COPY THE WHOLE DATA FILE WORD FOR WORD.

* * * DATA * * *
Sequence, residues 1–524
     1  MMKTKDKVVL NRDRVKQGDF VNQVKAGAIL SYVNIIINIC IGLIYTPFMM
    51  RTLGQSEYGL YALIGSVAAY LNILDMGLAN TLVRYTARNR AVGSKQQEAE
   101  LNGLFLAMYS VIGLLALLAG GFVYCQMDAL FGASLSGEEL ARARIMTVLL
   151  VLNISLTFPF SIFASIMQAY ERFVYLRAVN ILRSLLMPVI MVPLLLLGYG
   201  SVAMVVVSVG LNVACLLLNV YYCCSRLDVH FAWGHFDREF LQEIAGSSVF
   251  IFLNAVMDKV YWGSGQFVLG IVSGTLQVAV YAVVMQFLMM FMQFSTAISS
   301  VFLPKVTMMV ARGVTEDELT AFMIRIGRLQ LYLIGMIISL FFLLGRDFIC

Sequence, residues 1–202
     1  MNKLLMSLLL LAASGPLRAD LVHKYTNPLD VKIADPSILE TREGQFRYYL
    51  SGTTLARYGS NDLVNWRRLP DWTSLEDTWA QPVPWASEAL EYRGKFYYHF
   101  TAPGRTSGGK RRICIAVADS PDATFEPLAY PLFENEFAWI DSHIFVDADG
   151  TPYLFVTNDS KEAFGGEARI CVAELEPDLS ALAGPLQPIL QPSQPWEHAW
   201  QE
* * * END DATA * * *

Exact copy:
Sequence, residues 1–524
     1  MMKTKDKVVL NRDRVKQGDF VNQVKAGAIL SYVNIIINIC IGLIYTPFMM
    51  RTLGQSEYGL YALIGSVAAY LNILDMGLAN TLVRYTARNR AVGSKQQEAE
   101  LNGLFLAMYS VIGLLALLAG GFVYCQMDAL FGASLSGEEL ARARIMTVLL
   151  VLNISLTFPF SIFASIMQAY ERFVYLRAVN ILRSLLMPVI MVPLLLLGYG
   201  SVAMVVVSVG LNVACLLLNV YYCCSRLDVH FAWGHFDREF LQEIAGSSVF
   251  IFLNAVMDKV YWGSGQFVLG IVSGTLQVAV YAVVMQFLMM FMQFSTAISS
   301  VFLPKVTMMV ARGVTEDELT AFMIRIGRLQ LYLIGMIISL FFLLGRDFIC

Sequence, residues 1–202
     1  MNKLLMSLLL LAASGPLRAD LVHKYTNPLD VKIADPSILE TREGQFRYYL
    51  SGTTLARYGS NDLVNWRRLP DWTSLEDTWA QPVPWASEAL EYRGKFYYHF
   101  TAPGRTSGGK RRICIAVADS PDATFEPLAY PLFENEFAWI DSHIFVDADG
   151  TPYLFVTNDS KEAFGGEARI CVAELEPDLS ALAGPLQPIL QPSQPWEHAW
   201  QE